- U.S. airlines are bumping more travelers, partially due to the grounding of the 737 Max, the DOT says.
- The FAA grounds the planes after two fatal crashes within five months of one another.
- Bad weather also plays a role in the denied boardings.
Here's some unwelcome news to start the summer travel season: Your chances of getting bumped off your flight is on the rise.
After boasting record low bumping rates, U.S. airlines in the first three months of this year denied boarding to travelers at the highest rate since 2017, according to Department of Transportation data released Wednesday. The increase was partially driven by the grounding of the Boeing 737 Max, which took more than 70 of the high-capacity planes out of service.
Aviation authorities worldwide, including the Federal Aviation Administration, grounded the Boeing jets after two fatal crashes of the model, one in Indonesia and another in Ethiopia, within five months of one another. A total of 346 people were killed in the two crashes.
American Airlines and Southwest Airlines, which have 58 of the jets in their fleets combined and posted higher-than-average bumping rates, told federal officials that the 737 Max grounding hurt their results, the Department of Transportation said in its report. Bad weather added to the number of passengers who were denied boarding, said American Airlines spokesman Ross Feinstein.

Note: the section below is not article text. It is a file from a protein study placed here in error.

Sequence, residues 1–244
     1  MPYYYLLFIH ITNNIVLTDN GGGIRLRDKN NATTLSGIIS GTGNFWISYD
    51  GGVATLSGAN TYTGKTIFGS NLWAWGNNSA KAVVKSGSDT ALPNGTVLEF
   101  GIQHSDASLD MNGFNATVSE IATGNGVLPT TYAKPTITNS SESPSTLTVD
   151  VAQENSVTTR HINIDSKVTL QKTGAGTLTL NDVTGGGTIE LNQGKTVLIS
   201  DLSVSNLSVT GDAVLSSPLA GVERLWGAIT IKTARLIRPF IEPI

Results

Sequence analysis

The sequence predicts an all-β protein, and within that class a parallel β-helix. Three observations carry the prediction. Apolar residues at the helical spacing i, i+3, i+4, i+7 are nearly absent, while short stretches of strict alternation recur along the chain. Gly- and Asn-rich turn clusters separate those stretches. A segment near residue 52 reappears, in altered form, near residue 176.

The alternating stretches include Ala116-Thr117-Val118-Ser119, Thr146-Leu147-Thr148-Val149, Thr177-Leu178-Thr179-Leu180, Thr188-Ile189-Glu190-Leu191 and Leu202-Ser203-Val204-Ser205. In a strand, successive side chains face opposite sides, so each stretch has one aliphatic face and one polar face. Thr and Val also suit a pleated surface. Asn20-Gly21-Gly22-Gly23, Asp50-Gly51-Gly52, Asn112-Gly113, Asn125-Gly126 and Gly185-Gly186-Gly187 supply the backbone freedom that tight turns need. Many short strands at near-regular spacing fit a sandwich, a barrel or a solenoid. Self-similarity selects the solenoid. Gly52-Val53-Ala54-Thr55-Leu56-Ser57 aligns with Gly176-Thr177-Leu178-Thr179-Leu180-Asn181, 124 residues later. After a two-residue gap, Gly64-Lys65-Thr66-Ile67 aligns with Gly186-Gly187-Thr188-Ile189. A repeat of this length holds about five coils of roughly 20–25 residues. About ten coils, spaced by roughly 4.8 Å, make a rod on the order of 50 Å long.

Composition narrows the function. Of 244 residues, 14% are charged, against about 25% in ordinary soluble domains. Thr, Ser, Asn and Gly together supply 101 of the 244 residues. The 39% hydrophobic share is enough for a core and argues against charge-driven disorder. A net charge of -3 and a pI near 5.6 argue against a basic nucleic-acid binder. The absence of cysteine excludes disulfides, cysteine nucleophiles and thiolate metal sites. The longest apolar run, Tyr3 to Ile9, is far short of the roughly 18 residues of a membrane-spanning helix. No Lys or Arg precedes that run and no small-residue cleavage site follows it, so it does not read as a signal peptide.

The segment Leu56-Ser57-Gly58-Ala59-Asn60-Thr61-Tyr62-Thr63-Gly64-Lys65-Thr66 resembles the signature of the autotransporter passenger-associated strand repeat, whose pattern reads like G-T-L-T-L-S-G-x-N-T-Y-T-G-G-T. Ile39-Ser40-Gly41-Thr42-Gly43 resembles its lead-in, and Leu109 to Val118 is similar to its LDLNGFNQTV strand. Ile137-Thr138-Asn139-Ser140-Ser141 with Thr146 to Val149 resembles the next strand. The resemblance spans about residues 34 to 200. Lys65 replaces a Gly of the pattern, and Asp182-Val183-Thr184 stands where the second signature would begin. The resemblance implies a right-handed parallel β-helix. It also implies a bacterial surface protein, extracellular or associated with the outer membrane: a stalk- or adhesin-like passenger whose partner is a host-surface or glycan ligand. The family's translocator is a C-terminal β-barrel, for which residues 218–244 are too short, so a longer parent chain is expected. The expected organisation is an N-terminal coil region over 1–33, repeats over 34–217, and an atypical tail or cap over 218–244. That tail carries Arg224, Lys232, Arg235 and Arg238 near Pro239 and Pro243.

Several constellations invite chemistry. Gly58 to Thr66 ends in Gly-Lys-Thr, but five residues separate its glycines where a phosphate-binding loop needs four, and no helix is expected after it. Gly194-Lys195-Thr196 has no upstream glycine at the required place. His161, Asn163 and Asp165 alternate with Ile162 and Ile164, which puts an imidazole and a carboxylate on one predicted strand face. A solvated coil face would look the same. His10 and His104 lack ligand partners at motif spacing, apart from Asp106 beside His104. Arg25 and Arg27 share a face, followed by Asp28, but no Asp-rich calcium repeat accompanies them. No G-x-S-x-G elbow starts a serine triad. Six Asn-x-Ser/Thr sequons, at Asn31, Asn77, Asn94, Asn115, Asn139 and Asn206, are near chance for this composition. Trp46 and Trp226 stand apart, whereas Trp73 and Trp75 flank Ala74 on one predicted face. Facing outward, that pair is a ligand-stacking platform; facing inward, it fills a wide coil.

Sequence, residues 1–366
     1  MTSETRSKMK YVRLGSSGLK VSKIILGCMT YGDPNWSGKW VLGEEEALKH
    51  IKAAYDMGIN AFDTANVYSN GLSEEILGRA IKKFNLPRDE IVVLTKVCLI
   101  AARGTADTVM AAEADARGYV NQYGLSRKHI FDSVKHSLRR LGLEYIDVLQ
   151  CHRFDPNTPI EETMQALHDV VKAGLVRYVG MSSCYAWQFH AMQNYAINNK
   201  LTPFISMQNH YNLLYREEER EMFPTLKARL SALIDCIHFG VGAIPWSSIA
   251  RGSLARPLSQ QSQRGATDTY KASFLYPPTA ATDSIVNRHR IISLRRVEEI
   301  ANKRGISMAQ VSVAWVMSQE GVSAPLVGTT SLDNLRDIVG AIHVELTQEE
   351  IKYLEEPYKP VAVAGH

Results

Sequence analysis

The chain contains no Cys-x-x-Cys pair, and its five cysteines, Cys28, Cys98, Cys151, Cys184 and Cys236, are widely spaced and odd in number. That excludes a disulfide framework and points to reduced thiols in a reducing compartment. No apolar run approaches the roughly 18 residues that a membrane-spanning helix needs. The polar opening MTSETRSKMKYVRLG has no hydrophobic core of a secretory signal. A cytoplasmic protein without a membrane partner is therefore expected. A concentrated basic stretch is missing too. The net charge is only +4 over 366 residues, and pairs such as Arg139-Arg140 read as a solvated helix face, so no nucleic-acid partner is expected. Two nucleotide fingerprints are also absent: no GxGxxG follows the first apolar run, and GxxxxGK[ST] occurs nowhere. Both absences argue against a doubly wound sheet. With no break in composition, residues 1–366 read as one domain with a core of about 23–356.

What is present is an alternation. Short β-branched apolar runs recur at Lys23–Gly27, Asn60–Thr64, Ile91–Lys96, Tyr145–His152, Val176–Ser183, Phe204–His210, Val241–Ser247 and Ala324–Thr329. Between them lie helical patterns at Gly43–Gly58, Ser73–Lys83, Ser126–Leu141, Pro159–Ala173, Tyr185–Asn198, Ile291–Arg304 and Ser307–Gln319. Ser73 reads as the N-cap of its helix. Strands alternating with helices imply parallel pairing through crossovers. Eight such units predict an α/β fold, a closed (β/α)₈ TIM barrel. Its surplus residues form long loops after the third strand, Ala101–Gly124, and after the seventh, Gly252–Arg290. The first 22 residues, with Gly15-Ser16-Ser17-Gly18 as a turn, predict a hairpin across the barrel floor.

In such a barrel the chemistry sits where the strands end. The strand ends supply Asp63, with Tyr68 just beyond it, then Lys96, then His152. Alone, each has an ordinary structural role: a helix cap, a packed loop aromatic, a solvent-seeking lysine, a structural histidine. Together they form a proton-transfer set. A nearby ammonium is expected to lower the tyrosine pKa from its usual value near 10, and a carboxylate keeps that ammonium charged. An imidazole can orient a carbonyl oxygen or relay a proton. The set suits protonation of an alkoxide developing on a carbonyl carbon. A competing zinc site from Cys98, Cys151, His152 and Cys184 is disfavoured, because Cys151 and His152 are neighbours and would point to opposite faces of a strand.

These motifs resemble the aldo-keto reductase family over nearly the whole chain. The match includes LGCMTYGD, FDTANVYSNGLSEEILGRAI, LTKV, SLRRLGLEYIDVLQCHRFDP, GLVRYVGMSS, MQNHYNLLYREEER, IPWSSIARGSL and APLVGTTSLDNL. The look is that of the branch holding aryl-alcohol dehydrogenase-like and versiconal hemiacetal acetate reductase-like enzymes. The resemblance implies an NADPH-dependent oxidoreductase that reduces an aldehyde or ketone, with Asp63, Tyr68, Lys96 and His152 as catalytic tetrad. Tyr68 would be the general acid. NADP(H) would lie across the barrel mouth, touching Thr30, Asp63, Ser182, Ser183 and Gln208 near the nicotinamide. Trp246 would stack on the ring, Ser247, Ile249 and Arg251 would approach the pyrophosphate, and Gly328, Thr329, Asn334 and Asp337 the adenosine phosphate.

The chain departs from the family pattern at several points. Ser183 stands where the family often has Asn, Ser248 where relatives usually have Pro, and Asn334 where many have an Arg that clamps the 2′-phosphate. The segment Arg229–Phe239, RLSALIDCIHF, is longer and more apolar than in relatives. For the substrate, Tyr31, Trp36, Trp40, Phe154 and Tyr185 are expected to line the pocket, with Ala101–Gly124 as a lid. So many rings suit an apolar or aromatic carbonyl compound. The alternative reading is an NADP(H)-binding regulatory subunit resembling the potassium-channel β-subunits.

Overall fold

After the violent dragging of passenger David Dao off a plane in April 2017 sparked a public-relations disaster for United Airlines, carriers have taken measures to avoid involuntary bumping. Measures include alerting passengers of oversold flights before they get to the airport so they can opt to rebook online and increasing compensation for passengers who are okay with getting bumped.
Airlines are now bracing for the busiest summer travel season on record. Southwest, American and United have canceled thousands of flights through August because the 737 Max is grounded. The FAA has not said when it will allow the jets to fly again.
The chances of getting bumped are still relatively low. In the three months ended March 31, U.S. carriers' involuntary bumping rate was 0.32 per 10,000 passengers, the highest rate since the third quarter of 2017, and up from a rate of 0.15 per 10,000 travelers in the year-earlier period, the report showed.
In the first quarter, 6,175 passengers were involuntarily denied boarding. That is nearly triple the number from the same period a year ago but small in comparison with the 195.7 million passengers who checked in for flights in those three months.
The rate refers to travelers whom airlines bump, not those who voluntarily take a different flight when theirs is oversold.